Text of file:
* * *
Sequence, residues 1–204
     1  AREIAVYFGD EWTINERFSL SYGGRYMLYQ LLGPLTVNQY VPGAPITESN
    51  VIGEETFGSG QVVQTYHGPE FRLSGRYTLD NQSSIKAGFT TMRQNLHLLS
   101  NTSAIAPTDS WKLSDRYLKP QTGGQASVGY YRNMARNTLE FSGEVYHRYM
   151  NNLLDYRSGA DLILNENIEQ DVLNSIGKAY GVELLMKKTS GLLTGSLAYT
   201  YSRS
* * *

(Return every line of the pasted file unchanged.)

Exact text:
Sequence, residues 1–204
     1  AREIAVYFGD EWTINERFSL SYGGRYMLYQ LLGPLTVNQY VPGAPITESN
    51  VIGEETFGSG QVVQTYHGPE FRLSGRYTLD NQSSIKAGFT TMRQNLHLLS
   101  NTSAIAPTDS WKLSDRYLKP QTGGQASVGY YRNMARNTLE FSGEVYHRYM
   151  NNLLDYRSGA DLILNENIEQ DVLNSIGKAY GVELLMKKTS GLLTGSLAYT
   201  YSRS